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Mozilla Thunderbird vs. Microsoft Outlook

A security expert examines the relative security of the two programs on a point-by-point basis.
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Along the same lines as what I said last month about Internet Explorer vs. Firefox, I am convinced I’m safer using pretty much any email client other than Microsoft’s Outlook. Outlook is simply not as secure as its competitors.

So again, instead of taking my opinions at face value, let’s explore how I came to believe them. Bear in mind, though, that I’m comparing Outlook against its competition, which is a pretty vague comparison. So, when specifics are called for, I’ll call in Mozilla’s Thunderbird as a prime example of an Outlook competitor.

Lower profile target. Face it, what do most people use the Internet for? Web browsing and email are likely to be at the top of just about anyone’s list. What are the most popular browser and emailer? Simple: Microsoft’s Internet Explorer and Outlook, and by a pretty darned big margin. Sure, Outlook Express probably deserves an honorable mention here, along with a few others, but in terms of market share, it’s IE and Outlook.

The corporate world loves IE and Outlook (paired, almost inevitably, with Microsoft Exchange) for all sorts of reasons. So do phishers and other Internet miscreants. I’d even venture to guess that no software in the history of software—such as it is—has been attacked as much as IE and Outlook have.

If you’re using either of these in their default configurations and without any additional security protection from anti-virus products, firewalls, spam filters, etc., your computer is almost certainly not fully under your own control any longer. I don’t say that as mere hyperbole either.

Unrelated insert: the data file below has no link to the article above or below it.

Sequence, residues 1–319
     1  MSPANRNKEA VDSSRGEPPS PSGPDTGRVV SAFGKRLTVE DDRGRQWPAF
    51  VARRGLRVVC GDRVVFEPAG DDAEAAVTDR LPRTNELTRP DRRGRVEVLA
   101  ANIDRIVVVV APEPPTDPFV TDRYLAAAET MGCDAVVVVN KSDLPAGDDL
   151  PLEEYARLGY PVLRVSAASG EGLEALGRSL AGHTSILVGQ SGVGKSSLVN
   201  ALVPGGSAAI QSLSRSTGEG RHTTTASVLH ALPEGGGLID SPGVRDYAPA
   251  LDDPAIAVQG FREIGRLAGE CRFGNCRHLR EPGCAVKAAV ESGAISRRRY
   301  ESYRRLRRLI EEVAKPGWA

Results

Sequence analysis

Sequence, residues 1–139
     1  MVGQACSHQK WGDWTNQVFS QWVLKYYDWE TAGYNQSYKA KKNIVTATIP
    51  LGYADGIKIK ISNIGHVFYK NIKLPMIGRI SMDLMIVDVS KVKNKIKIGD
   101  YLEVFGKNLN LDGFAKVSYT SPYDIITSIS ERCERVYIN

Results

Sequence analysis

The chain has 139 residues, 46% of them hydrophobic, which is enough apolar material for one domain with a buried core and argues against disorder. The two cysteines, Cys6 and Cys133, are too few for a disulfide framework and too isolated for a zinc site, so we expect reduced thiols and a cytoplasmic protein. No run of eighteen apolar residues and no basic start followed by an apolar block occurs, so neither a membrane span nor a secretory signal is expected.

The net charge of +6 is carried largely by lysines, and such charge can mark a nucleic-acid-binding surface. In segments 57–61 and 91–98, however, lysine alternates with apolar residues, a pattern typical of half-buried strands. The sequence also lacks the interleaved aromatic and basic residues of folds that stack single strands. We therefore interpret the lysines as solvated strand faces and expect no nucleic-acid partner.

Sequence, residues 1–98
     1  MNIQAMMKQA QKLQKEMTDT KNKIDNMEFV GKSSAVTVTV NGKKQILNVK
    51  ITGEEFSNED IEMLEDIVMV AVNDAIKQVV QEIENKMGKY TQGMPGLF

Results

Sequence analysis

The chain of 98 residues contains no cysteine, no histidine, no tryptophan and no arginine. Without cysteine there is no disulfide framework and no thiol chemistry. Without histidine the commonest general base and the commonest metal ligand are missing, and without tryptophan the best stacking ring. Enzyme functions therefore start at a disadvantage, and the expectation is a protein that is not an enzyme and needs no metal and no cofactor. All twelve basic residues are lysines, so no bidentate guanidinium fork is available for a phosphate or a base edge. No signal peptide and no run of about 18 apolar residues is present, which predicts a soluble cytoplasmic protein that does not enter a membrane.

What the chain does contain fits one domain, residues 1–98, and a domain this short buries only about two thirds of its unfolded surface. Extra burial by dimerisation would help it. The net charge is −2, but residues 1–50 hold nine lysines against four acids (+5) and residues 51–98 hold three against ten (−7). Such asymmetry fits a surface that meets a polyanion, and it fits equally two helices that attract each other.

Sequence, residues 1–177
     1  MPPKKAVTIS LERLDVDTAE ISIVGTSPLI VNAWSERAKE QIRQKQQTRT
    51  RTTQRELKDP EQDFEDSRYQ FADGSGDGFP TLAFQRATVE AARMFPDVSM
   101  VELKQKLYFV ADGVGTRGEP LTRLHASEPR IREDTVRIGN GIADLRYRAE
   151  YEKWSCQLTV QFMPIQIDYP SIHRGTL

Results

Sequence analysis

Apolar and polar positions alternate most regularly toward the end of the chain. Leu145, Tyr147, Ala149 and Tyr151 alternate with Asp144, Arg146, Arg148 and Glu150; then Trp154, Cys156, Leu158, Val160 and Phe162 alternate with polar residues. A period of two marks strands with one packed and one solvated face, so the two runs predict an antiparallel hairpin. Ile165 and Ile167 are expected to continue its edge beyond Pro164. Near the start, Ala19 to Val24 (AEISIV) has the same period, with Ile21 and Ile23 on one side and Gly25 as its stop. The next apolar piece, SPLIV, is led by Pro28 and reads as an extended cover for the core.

As such, using just about anything other than Outlook has got to be lower risk—not necessarily more secure, however.

Qualitative score: Outlook gets an F while Thunderbird (et al.) get a B+.

Default configurations and configurability. Perhaps this one is a bit of a trick criterion, as pretty much every mailer I’ve ever installed came “out of the box” in a default configuration that was akin to walking through a crowd with copious quantities of $100 bills hanging out of your pockets—and then being surprised when you get robbed.

That said, most mailers these days allow the user to configure a pretty rich set of options regarding HTML rendering, automatic image downloading, message previewing, and script running. Many mailers nowadays take that a step further by watching out for emails containing known phishing sites, spam messages, and such—in essence, an auto-updating blacklist of bad characters. Although I’m not a fan of blacklisting (vs. whitelisting), they’ve no doubt prevented a lot of users from loading messages that could have harmed them.

Along these lines, the ability to plug into different anti-spam engines is a major bonus. Thunderbird, in particular, is quite flexible in how it plugs to your anti-spam engine of choice.

Both Outlook and Thunderbird carry out these features reasonably well. I have to admit, though, that I prefer Thunderbird’s security features, though this is a rather subjective measure. What I find missing, and perhaps I’m looking in the wrong places, is the sort of control that I get with the Noscript plug-in for Firefox that I mentioned last month.

Qualitative score: Outlook gets a C while Thunderbird gets a B.

Next page: Usability, and "the other guys"


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